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    REFERENCES2172009;58(7):346–52.Online.Available:actionURI(http://www.jfponline.com):http://www.actionURI(http://www.jfponline.com):jfponline.com;10Aug2011.12. AnsellJ,HirshJ,HylekE.Antithromboticandthrombolytictherapy.8thed:ACCPguidelines.pharmacologyandmanagementofthevitaminKantagonists.Chest2008;33(6):160S–98S.13. read more..

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    218CHAPTER9InfECTIousDIsEAsEs1. Answer: AThe rationale for clearance antibiotics after an individual case of invasive meningococcal disease is to prevent secondary cases. Antibiotics are used to eliminate carriage in the asymptomatic carrier who was responsible for transmission of the meningococcus to the index case, therefore preventing transmission to other susceptible individuals in the carrier’s close contact network. Clearance antibiotics are therefore indicated for the following contacts read more..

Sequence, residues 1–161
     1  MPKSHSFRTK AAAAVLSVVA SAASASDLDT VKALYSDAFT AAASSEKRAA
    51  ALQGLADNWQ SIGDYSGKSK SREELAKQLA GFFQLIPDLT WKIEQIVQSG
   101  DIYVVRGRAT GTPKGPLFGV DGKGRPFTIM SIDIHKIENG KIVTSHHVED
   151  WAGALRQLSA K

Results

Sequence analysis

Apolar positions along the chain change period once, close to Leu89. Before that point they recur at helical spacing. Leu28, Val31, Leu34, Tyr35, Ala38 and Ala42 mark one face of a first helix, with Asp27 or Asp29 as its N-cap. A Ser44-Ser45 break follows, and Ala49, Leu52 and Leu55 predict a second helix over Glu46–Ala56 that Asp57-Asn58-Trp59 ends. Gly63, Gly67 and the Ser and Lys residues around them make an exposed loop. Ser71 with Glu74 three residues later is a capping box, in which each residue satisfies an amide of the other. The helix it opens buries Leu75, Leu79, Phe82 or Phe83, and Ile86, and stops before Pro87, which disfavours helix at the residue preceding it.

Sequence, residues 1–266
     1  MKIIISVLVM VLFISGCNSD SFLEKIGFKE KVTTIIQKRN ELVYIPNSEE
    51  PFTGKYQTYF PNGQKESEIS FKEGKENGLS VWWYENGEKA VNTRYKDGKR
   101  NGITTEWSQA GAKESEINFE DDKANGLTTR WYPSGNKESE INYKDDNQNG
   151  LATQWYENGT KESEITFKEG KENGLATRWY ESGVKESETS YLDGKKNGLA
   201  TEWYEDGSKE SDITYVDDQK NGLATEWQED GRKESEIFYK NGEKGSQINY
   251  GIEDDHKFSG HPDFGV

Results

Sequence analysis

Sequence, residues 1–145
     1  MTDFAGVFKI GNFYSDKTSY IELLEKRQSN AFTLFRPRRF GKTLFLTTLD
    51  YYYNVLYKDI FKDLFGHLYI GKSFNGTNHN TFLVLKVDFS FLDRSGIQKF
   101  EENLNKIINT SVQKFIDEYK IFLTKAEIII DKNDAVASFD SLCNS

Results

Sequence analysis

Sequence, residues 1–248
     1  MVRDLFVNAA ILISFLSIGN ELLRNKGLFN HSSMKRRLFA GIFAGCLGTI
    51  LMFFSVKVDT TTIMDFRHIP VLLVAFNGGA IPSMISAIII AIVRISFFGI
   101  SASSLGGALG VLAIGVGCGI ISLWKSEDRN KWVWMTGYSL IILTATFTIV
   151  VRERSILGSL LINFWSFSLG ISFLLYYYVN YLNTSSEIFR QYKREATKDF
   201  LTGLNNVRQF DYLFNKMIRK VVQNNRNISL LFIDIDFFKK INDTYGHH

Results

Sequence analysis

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    AnsWERs219Cultures are positive in 1–40% of patients with CAP but only change management in 1 in 500 patients. Anaerobic cultures are not warranted in patients with CAP, and should be reserved for patients with suspected abdominal and pelvic sources of infection. The most common organism isolated on culture in patients with CAP is Streptococcus pneumoniaeactionGoTo:243,.44. Answer: DThis patient’s examination and X-ray findings are consistent with severe pneumonia as calculated by two read more..

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    220CHAPTER9InfECTIousDIsEAsEs7. Answer: CYellow fever is caused by Flavivirus infection transmitted by a mosquito and is endemic in parts of South America and Africa. Vaccination is mandatory prior to entering endemic areas; it is also highly effective, hence the infection is rare in travellers. Symptoms develop after an incubation period of 3–6 days and vary in severity from a flu-like illness to haemorrhagic fever with a 50% mortality rate. Typical symptoms include fever, headaches, read more..